Applicant considers this patent disclosure, including the patents recited therein, which disclosure is incorporated by reference herein, to be the preferred source of materials in the practice of the present invention. Specifically, as seen in the following illustrative examples, Applicant has chosen to select aluminum chlorohydrol as his preferred material for use in the practice of the present invention. However, it is to be expressly understood that the selection is a matter of function and any reagent which can modify the surface of the powder to change it from a surface of silanol groups to a surface reactive with the hydroxyl moiety of an organic acid without adversely affecting the nano-size distribution will be appropriate.
Other useful materials will be readily apparent to a person skilled in the art in the light of the instant disclosure and the objectives sought to be obtained by the present invention.
As mentioned above, the surfactant to be employed in this invention is an amphiphilic surfactant, i.e., a surfactant containing both polar water-soluble and hydrophobic water-insoluble substituents.
Since amphiphilic surfactants are per se well known in the art, the selection of the particular surfactant to be employed will be a matter of individual choice within the expected knowledge and judgment of the skilled worker. In any case, examples of particularly useful amphiphyles for the practice of the present invention include sodium dodecylsulfonate, sodium stearate and sodium dodecylsulfate.
Suitable illustrative organic acids contemplated for use in the practice of this invention include the saturated and mono-unsaturated higher fatty acids and their derivatives, e.g., oleic acid, stearic acid and palmitic acid, partially esterified phosphoric acid such as 03D (Albright & Wilson) and di-2-ethylhexyl phosphoric acid, etc.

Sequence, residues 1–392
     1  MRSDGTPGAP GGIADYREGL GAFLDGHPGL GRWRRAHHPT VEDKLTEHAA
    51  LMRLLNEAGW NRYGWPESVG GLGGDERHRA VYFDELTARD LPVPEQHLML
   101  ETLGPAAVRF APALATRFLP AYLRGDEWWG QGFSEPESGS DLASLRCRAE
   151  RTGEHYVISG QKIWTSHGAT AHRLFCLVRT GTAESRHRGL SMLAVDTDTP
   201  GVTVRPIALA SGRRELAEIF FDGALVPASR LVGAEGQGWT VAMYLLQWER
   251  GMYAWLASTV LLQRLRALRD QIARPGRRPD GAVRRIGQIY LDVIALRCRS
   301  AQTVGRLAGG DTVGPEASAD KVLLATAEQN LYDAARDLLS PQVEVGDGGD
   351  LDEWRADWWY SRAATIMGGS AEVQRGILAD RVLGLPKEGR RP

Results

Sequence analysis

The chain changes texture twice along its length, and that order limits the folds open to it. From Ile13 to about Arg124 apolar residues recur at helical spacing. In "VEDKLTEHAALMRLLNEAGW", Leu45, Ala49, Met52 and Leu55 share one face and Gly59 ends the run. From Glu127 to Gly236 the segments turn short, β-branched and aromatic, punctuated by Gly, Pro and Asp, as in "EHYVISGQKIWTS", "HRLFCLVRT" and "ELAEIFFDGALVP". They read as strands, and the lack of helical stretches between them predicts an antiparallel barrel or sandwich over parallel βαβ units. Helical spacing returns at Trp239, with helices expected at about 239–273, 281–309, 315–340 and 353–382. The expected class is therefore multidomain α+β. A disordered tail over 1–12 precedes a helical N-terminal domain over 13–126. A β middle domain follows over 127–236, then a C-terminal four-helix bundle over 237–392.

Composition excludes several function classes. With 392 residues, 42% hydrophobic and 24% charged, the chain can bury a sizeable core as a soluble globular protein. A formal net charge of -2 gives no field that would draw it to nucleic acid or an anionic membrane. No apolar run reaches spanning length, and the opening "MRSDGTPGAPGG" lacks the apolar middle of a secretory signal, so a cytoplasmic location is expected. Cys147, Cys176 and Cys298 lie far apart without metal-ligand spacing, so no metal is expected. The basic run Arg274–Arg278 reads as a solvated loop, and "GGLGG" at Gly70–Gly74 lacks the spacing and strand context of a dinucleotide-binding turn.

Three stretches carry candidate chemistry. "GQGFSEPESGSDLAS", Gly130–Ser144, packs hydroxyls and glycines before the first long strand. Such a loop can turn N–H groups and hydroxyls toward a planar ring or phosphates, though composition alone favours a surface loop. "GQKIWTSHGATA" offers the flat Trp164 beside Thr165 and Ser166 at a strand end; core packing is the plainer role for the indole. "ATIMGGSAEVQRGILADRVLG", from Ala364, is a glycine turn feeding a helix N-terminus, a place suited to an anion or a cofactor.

For purposes of illustration only, the hydrous alumina-coated sol will have an alumina content equivalent to one to three atoms of aluminum per surface silicon atom in the sol. For example, a 50 nanometer sol will be ideally coated with hydrous alumina equivalent to 7.2 parts per hundred (pph) of silica. A 20 nanometer silica sol will have 18 pph alumina and a 100 nm silica sol 3.2 pph. The thus coated sol is deionized with an ion exchange resin that has been regenerated with sodium bicarbonate, e.g., IRA 67, 68, 400 and 904 from Rhom and Haas. The deionized alumina-coated sol at 20% concentration will have a specific conductivity of between 200 and 2000 micro Siemens, preferably 300-700 micro Siemens. The amphiphilic surfactant is present at one to twenty pph of the positively charged alumina coated silica sol, preferably between four and ten pph. The amount of organic acid is between one and twenty pph of the silica sol, preferably five to fifteen pph.